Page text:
Diabetes is a significant problem in the United States, made worse by the fact that most who have it are unaware. Of the thirty million people in the US with diabetes, one in four do not even know they are living with this condition. In addition to those millions, another 84 million have prediabetes, but 90% are unaware. These numbers show the growing need to bring awareness to diabetes and clear up any myths the surround this condition.
Read about common diabetes myths below and share the truth with your friends and family.
Myth 1: Only children get Type 1 diabetes.
While it is true that children and teenagers are the ones usually diagnosed with type 1, this autoimmune reaction can be diagnosed later in life. This type affects 5% of those with diabetes and cannot be prevented. Individuals with type 1 will have to take insulin every day.
Myth 2: My family has diabetes, so I’m going to have diabetes.
No one in my family has diabetes, so I don’t have to worry about getting it.
Family history is one risk factor to consider, but not the only one. Those with family members who have type 1 are at greater risk. If you have family members with type 2 diabetes then you are only at greater risk if you echo the same lifestyle habits. Type 2 is preventable with healthy lifestyle habits such as a managing what you eat, weight control and exercise.
Myth 3: I’ll know if I have diabetes.
Spotting symptoms for type 1 can be easier than the other types because they can develop over a few weeks or months and can be severe. However, type 2 diabetes can be almost undetectable in some individuals. Symptoms can develop over years and can go unnoticed.
Symptoms for type 1 and 2 diabetes:
- Increased thirst
- Frequent urination
- Extreme hunger
- Unexplained weight loss
- Presence of ketones in the urine (ketones are a byproduct of the breakdown of muscle and fat that happens when there's not enough available insulin)
- Blurred vision
- Slow-healing sores
- Frequent infections, such as gums or skin infections and vaginal infections
Myth 4: Only obese people get diabetes.
While weight is one risk factor, there are several others to consider. Other risk factors include activity level, age, family history and race. Even those classified as “overweight,” rather than “obese” are at risk for diabetes.
Those over the age of 45 are at a larger risk for diabetes. In addition to age, family history and race are risk factors. If a close family member had type 1 you are at risk for developing type 1. If your mother had gestational diabetes, you are at risk of developing diabetes. Those that are African American, Hispanic/Latino, Native American are at a higher risk.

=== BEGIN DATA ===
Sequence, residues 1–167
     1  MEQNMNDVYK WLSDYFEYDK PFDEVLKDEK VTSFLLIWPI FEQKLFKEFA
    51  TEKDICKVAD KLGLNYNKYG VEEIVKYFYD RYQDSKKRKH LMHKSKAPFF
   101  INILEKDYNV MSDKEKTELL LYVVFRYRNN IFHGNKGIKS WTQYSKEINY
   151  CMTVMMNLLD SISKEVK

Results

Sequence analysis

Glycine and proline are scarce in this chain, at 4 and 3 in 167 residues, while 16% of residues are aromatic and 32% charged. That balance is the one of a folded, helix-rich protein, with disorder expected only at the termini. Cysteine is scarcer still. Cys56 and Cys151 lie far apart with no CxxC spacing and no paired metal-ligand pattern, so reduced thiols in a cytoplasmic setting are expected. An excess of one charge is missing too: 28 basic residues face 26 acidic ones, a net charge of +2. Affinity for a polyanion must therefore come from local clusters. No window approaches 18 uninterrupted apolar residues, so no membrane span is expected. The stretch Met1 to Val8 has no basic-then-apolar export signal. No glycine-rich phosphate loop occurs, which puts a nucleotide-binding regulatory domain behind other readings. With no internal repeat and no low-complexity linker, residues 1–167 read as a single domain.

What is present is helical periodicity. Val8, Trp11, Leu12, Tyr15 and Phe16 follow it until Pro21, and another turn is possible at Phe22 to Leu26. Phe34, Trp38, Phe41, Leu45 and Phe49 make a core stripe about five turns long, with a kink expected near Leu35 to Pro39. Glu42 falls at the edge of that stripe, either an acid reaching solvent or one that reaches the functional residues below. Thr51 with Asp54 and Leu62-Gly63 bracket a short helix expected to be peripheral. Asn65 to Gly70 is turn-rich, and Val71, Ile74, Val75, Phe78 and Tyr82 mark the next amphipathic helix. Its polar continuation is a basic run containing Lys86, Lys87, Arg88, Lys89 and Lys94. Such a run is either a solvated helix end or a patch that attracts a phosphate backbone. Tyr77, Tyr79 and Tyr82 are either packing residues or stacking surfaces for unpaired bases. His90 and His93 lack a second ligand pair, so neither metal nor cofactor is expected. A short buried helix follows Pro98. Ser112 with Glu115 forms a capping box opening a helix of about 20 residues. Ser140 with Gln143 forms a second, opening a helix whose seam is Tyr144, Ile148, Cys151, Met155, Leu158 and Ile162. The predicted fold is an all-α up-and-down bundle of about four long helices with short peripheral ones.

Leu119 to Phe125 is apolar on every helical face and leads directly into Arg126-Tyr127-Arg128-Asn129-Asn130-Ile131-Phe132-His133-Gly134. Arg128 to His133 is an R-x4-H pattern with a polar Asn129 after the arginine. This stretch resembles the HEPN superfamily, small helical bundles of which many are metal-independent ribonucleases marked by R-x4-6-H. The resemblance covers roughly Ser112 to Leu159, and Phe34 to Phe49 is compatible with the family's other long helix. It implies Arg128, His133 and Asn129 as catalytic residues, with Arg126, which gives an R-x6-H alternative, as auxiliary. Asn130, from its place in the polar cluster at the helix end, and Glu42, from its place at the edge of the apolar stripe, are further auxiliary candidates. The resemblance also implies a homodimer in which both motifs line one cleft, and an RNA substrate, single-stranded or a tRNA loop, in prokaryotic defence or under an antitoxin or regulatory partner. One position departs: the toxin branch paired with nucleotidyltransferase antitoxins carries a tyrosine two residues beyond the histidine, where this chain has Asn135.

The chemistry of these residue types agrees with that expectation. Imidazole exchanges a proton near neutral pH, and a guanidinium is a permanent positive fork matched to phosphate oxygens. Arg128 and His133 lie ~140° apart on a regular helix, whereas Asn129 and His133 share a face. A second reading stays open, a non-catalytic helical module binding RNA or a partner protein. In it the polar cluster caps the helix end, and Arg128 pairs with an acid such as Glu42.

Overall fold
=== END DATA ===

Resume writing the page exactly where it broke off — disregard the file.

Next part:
Prediabetes can be reversed and type 2 can be prevented with weight loss and lifestyle changes. This is why it’s important to know your risks and ask your physician about taking a blood sugar test.
Myth 5: Gestational diabetes is forever.
Gestational diabetes happens to millions of women, but this type usually goes away after you have your baby. This condition can cause issues for both you and your baby, so talk to your physician about getting tested. You and your physician and registered dietitian can work out a plan to keep both of you healthy.
Myth 6: Having diabetes is going to ruin my life.
Diabetes symptoms can be controlled by your everyday lifestyle choices. Your diet can include a large variety of foods and you can likely still eat your favorites (you may just need to cut back on portion or frequency). Staying active with diabetes is important too, but you’ll get even more benefits than just lowering blood sugar levels. Getting 150 minutes of moderate exercise per week will lower blood pressure, burn calories, improve mood and improve sleep.
Myth 7: People with diabetes can't have carbohydrates.
Carbohydrates give our bodies energy and you should not cut them out of your diet completely. People with diabetes should eat a balanced diet with carbohydrates, protein, and fats. A registered dietitian can help you learn more about creating a balanced diet to help manage your diabetes.
It is true that having diabetes changes many aspects of your life, you have a wealth of resources that can help you live your healthiest life. Talk to your physician about any question you have and ask him/her for any recommendations on other resources like registered dietitians, classes and support groups. You can also read through trusted websites for organizations such as the American Diabetes Association, CDC and National Institute of Diabetes and Digestive and Kidney Diseases.
Call Dietary Director Charles McNabb at 918-824-6353 with any questions and to find diabetes resources.